• 1 Cup softened butter
  • 2 Cups salted nuts
  • ½ Cup corn syrup
  • 2 Tablespoons butter
  • 1 Tablespoon water
  • 1 Cup butterscotch chips

Preheat oven to 350F degrees.
Combine flour, brown sugar, salt and 1 cup butter in a mixing bowl.
Blend flour mixture well and press into an ungreased 15 X 10 inch jelly roll pan.
Bake for 10 to 12 minutes; remove from oven and sprinkle nuts over partially baked crust.
Combine corn syrup, 2 tablespoons butter, water and chips in a small saucepan.
Boil mixture 2 minutes while stirring constantly; pour mixture over nuts and crust.
Return to oven and bake 10 to 12 minutes or until golden brown.
Cool completely and cut into bars

Uncut Salted Nut BarsUncut Salted Nut Bars



  • 1 ½ Cups flour
  • 2/3 Cup packed brown sugar
  • ½ Teaspoon baking powder
  • ½ Teaspoon salt
  • ¼ Teaspoon baking soda
  • ½ Cup softened butter
  • 1 Teaspoon vanilla
  • 2 Egg yolks
  • 3 Cups miniature marshmallows


  • 2/3 Cup corn syrup
  • ¼ Cup butter
  • 2 Teaspoons vanilla
  • 2 Cups peanut butter chips
  • 2 Cups crisp rice cereal
  • 2 Cups salted peanuts

Preheat oven to 350F degrees.
Combine all crust ingredients except for the MARSHMALLOWS; mix until crumbly.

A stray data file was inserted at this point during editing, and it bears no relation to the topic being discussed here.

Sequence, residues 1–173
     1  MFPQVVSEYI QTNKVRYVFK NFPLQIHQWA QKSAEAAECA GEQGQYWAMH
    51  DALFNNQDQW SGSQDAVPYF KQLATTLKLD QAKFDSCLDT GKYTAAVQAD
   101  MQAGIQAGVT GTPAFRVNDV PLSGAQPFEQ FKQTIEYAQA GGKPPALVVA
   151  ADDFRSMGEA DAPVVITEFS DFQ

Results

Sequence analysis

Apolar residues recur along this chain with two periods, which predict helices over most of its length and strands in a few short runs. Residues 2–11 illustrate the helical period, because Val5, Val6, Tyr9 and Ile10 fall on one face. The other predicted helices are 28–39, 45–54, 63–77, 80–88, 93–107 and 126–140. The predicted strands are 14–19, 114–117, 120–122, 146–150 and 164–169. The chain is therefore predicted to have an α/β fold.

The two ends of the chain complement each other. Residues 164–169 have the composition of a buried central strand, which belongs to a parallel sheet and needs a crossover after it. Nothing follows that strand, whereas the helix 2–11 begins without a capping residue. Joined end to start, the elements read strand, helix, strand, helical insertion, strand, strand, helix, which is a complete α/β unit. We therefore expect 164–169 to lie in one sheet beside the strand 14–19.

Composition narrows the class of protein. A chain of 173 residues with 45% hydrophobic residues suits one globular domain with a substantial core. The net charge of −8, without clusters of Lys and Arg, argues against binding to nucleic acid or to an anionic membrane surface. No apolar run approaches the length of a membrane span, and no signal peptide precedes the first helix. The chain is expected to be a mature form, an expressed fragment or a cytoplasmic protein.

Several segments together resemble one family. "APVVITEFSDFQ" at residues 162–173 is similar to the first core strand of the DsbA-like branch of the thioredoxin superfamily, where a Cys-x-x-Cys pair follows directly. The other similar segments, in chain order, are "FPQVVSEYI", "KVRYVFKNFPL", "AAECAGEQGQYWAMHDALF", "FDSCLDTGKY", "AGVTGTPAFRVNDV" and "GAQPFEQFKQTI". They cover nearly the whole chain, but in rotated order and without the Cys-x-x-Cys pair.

Press crumb mixture into the bottom of an ungreased 9 X 13 inch pan.
Bake for 12 to 15 minutes or until golden brown.
Sprinkle crust immediately with marshmallows and bake 1 to 2 minutes longer until puffy.
Cool crust while preparing topping.
For topping combine in a large saucepan corn syrup, butter, vanilla and peanut butter chips.
Heat while stirring constantly until chips melt and mixture is smooth.
Remove from heat and stir in cereal and nuts.
Spoon warm topping over marshmallows and spread to cover.
Chill and cut into bars.


  • 2 Cups firmly packed brown sugar
  • 1 Cup softened butter
  • 1 Teaspoon vanilla
  • 2 Eggs
  • 2 Cups flour
  • 2 Cups rolled oats
  • 1 Teaspoon baking powder
  • ½ Teaspoon baking soda
  • 1 ½ Cups salted peanuts
  • 1 Cup whole wheat flaked cereal

Preheat oven to 350F degrees.
Combine and beat butter, brown sugar, vanilla and eggs until smooth.
Add flour, rolled oats, baking powder and baking soda; mix well.
Stir in peanuts and cereal.
Drop by rounded teaspoonfuls, 2 inches apart onto ungreased cookie sheets.
Bake for 10 to 14 minutes or until light golden brown; makes 60 to 75 cookies.